Forex Operations

Financial institutions participate in foreign exchange activities as brokers as well. These activities provide revenue for banks as well.

Interest on Investment

Financial firms occasionally make investments in various graded and government assets. Through these investments, they receive a significant interest payment. 

Minimum Balance Fees

Customers of certain banks are required to keep a minimum amount in their accounts. A certain fee must be paid if the balance falls below this cap. 

Late Payment Fees

There will be a late fee for customers who cannot pay their credit card bills by the deadline. But each bank will have a different amount for this fee.

Earned Commission on Products Sold by Third Parties

Banks can also receive specified commissions by offering their customers insurance or mutual fund products.

Banks often make money by serving as a middleman between depositors and borrowers. They also pay many company expenses. Banks must utilize earnings to cover loan default losses. To make a profit, banks factor in the risk of loan defaults in their interest rates. When done appropriately, lending money at interest is a profitable business strategy, making banks profitable. All the other fees and charges are secondary to this primary money-making mechanism.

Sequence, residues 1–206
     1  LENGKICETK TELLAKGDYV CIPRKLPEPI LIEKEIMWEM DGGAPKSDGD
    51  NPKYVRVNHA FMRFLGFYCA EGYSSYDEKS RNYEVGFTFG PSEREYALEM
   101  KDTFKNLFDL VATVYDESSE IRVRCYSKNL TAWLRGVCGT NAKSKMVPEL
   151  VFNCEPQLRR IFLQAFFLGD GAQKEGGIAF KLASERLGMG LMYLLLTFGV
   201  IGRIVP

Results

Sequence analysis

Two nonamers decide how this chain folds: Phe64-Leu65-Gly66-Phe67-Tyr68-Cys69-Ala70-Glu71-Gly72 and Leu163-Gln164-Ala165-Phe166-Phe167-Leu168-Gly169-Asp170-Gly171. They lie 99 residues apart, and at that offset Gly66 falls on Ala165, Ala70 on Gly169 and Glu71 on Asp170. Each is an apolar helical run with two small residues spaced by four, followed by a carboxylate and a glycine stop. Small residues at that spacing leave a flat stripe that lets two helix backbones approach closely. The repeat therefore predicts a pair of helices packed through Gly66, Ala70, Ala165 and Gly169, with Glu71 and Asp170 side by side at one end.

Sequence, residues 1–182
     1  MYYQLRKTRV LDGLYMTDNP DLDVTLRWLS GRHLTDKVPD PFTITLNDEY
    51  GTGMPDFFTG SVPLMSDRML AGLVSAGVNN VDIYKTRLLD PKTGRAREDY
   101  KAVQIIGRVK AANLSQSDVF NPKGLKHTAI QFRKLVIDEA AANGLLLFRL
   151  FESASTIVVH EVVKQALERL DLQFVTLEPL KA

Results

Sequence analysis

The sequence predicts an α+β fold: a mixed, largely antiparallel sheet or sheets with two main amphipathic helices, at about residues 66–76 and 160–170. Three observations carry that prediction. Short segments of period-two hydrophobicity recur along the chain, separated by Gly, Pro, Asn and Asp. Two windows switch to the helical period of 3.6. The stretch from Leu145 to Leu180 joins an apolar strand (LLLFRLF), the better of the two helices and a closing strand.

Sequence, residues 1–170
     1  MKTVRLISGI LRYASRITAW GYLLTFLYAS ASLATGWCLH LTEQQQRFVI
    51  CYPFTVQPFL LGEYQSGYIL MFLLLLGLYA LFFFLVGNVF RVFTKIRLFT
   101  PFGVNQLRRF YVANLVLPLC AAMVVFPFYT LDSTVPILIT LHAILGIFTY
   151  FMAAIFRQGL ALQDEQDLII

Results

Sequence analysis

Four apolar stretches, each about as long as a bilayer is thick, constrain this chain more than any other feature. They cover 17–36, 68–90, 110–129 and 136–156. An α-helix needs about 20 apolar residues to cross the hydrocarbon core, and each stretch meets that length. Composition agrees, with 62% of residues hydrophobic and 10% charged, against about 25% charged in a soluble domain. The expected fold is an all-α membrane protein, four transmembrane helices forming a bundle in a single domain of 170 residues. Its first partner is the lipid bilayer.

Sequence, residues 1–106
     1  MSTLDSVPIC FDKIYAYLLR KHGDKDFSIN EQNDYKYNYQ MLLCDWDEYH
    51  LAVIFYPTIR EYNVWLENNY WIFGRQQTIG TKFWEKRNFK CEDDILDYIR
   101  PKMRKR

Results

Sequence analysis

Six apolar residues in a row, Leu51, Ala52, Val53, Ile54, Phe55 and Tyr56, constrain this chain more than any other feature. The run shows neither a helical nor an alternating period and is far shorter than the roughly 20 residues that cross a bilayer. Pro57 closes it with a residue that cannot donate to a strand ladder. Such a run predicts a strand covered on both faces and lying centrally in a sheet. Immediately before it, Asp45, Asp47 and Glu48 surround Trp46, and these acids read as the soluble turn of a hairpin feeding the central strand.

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Why are banks so profitable? 

Commercial banks employ a powerful combination of diversification, leverage, and government support to generate substantial profits. Banks are highly profitable businesses for several reasons: 

1- Diversified product offerings 

Banks offer loans, mortgages, investment products, and transaction fees to earn money. Banks are not dependent on one revenue source by providing a variety of services. If one product line declines, the bank may rely on others to benefit. 

2- Low costs of funds 

Banks pay very little interest on the money customers deposit in their accounts. Banks then lend that money out at much higher interest rates. The "spread." is the difference between the bank's funding and loan rates. The bank profits more with a greater spread.